Captain Fedorov, a member of the Artillery committee of Imperial Russian Army General Artillery Department (GAU), began his work on self-loading military rifles around 1905. By 1911, he perfected a self-loading rifle of his own design that fired standard issue “three line” (7.62x54R) ammunition and used short-recoil operation. By 1911 and after much experimentation Fedorov concluded that existing service ammunition is badly suited for semi-automatic rifles due to rimmed case and excessive recoil; as a result, he devised a reduced caliber, improved ballistics ammunition that fired 6.5mm pointed bullets. By 1913, he submitted his first 6.5mm self-loading rifles for trials; these rifles fired new, rimless 6.5mm ammunition with case about 57mm (2”) long; pointed jacketed bullet weighed 8.5 gram (131 grain) and had a muzzle velocity of about 850 m/s (2790 fps). Rifle was fed from internal, fixed magazine loaded with stripper clips. This new rifle passed formal trials and was deemed “promising”, but start of the Great War precluded any chances of adoption of new ammunition.
In 1915 Fedorov was sent by the GAU to the front to provide first-hand observation and analysis of employment of small arms during actual combat. According to his own reports, Fedorov was especially impressed by French newest CSRG M1915 machine rifle – a relatively lightweight and maneuverable automatic weapon which could be used to provide instant covering or suppressive fire during infantry attacks and other combat maneuvers. As a result, he decided to convert his 6.5mm semi-automatic rifle to a “machine rifle”, with select-fire capability and larger, detachable magazine.
Lack of appropriate ammunition forced Fedorov to adopt an existing cartridge of same caliber but lower power – the Japanese Arisaka 6.5x50SR. This ammunition was in use thanks to purchase of significant amount of Japanese rifles by Russian government, seeking to alleviate war-induced shortage of standard issue rifles. Due to smaller case and decreased power of the 6.5mm Arisaka ammunition (compared to original Fedorov cartridge), he cut down original barrels by about 190mm and designed special chamber inserts. New weapon was initially called “ружье-пулемет” (rifle – machine gun, or “machine rifle”). It had noticeably weaker ballistics than originally intended, producing only about 660 m/s (2160 fps) of muzzle velocity with 9 gram (139 grain) pointed Type 38 bullet.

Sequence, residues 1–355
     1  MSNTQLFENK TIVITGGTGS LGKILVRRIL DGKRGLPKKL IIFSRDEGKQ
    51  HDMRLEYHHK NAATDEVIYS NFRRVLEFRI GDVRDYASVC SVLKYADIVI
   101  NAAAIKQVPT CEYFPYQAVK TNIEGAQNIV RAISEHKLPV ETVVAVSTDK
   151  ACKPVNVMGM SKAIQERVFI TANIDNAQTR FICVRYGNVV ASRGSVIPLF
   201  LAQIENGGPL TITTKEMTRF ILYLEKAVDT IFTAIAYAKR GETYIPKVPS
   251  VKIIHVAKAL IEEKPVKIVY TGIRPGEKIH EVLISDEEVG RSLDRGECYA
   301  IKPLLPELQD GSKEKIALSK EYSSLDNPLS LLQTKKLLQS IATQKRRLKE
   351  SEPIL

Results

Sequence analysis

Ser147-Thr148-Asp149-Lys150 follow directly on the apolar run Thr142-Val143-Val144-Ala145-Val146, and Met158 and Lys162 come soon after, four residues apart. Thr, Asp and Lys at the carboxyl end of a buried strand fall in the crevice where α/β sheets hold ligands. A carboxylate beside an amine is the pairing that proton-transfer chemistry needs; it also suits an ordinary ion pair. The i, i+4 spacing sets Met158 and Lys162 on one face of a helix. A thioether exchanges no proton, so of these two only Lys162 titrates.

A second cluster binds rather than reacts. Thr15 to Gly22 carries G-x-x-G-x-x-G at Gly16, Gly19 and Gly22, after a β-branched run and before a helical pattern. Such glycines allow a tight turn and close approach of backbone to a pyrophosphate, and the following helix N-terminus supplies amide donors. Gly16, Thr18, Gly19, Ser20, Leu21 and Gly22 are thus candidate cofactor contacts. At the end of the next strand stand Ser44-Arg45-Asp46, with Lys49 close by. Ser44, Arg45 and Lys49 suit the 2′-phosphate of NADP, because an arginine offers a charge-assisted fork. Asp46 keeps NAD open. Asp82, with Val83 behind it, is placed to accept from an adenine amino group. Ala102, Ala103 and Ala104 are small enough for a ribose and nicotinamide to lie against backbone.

It must be noted that new “machine rifle” was not a substitute for a true light machine gun, because its barrel was too light and overheated rapidly. The primary mode of fire for this weapon was semi-automatic; full automatic fire was to be used only in emergency situations. Also, it was originally issued as a crew-served weapon, operated by two men – the shooter and the ammo bearer (latter being armed with bolt action rifle or a semi-automatic pistol). At this moment the Fedorov machine rifle was considered to be a weapon suitable only for specialized or support use. Late in 1916 a company of the Ismail regiment was sent to the front armed with Fedorov machine rifles and Mauser C96 pistols (for 2nd numbers). Following initial success of this unit, Artillery committee issued requirements for 25,000 of Fedorov machine rifles, which were later cut down to 5,000 due to lack of industrial capabilities.
Events of the 1917 put a temporary stop to evolution of the Fedorov rifle. In the post-revolution turmoil captain Fedorov sided with new Bolshevik government and continued his work at the new machine gun plant in the city of Kovrov, initially built to produce Madsen light machine guns under Danish license and supervision. By 1921 Kovrov plant produced 6.5x50SR Fedorov rifles in small batches of about 150 per month; these rifles were issued to Red Army troops fighting various anti-revolution factions.